Tax when working abroad

A Fin24 user working in Afghanistan wonders about his tax due. He writes:
I am a South African citizen and working in Afghanistan.
I understand that if I am out of the country for 186 days including, one 62 day period, then I do not have to pay any tax.
Do I have to declare the amount earned to the South African Revenue Service (Sars)? If I do, could they then tax me on that amount?
Elzahne Henn, associate director at Mazars responds:
For purposes of this response I have assumed that the individual in question is a resident for tax purposes in South Africa and have not broken tax residency in South Africa.  
A South African tax resident will generally be taxable on his worldwide income.
However, a foreign employment exemption is available, provided that requirements of section 10(1)(o)(ii) of the Income Tax Act are met.
In terms of section 10(1)(o)(ii) of the Income Tax Act, remuneration received or accrued to any person for services rendered outside of South Africa will be exempt if the following requirement are met:
* The individual must be in an employment relationship (evidenced by a contractual relationship);
* The remuneration must be earned for services rendered outside of South Africa. Accordingly, remuneration relating to days worked in South Africa will remain taxable in South Africa;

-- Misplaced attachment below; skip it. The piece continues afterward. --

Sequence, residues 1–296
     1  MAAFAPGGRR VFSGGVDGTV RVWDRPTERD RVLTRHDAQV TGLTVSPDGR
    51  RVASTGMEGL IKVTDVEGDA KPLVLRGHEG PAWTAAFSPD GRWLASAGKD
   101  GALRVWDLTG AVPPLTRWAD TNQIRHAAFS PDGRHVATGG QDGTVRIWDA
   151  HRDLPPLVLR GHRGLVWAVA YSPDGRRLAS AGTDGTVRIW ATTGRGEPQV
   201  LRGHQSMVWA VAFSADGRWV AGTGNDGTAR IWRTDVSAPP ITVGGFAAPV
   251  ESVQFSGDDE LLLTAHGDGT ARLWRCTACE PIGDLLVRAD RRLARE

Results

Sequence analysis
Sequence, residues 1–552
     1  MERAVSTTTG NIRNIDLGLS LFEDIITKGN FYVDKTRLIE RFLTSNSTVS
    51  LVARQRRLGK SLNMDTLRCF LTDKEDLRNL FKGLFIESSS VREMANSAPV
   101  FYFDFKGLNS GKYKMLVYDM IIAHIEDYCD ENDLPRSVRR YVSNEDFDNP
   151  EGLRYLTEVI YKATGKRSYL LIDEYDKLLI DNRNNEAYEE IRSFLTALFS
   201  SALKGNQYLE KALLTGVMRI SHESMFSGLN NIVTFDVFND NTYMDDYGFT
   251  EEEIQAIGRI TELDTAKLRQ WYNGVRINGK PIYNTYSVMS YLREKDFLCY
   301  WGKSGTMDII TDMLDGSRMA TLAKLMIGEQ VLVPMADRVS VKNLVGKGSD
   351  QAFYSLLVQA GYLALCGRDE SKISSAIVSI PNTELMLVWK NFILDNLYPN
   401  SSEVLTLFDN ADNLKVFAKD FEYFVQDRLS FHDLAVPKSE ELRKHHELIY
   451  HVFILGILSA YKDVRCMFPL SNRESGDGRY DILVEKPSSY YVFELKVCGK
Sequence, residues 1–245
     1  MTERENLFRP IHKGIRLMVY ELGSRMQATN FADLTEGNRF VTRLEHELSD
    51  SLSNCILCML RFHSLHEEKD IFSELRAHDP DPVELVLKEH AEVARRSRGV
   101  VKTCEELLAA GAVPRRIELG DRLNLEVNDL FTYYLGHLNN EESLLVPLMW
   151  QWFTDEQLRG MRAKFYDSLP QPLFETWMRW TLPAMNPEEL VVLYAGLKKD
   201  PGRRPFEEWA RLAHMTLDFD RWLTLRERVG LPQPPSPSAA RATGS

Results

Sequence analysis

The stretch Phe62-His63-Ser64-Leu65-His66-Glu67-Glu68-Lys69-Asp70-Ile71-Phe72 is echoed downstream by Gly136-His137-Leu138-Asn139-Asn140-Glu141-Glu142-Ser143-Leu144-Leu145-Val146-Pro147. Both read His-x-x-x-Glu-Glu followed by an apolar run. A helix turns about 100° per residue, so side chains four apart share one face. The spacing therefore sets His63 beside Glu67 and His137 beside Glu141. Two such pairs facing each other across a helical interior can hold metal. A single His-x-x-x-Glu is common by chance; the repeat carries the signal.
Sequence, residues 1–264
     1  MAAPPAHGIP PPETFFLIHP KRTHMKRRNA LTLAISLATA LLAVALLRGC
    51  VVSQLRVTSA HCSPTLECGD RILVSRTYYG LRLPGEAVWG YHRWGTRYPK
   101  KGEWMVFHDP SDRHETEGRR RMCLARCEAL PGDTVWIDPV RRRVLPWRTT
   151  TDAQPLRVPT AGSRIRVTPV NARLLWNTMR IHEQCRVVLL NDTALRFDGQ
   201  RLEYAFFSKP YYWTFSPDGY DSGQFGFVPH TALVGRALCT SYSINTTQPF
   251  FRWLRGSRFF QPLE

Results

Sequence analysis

* The services may be rendered on behalf of any employer. It is not restricted to a South African employer and it can services rendered to a foreign employer;
* The individual must render services outside of South Africa for a period or periods exceeding 183 full days - that is at least 184 days) in any 12-month period commencing or ending during that year of assessment. The period of more than 183 days need not be consecutive;
* The individual must render services outside of South Africa for a continuous period of more than 60 full days - that is at least 61 days during that 12-month period;
* The 12-month period referred to is not aligned to the South African tax year, but must include consecutive calendar months. At least one calendar month must fall within the tax year during which the exemption is sought.
In summary:
It is not evident from the facts provided whether the individual is in an employment relationship or an independent contractor.
Provided that the he is in an employment relationship the remuneration should qualify for the foreign employment exemption and will not be taxable in South Africa, provided that the services are rendered in Afghanistan during the mentioned periods of absence.
Although the income may qualify for the foreign employment exemption, same must still be disclosed on his/her annual income tax return, but as income exempt from tax.  The annual income tax return makes provisions for the amount of income exempt from tax in terms of section 10(o)(ii) of the Income Tax Act to be disclosed separately.

- Fin24

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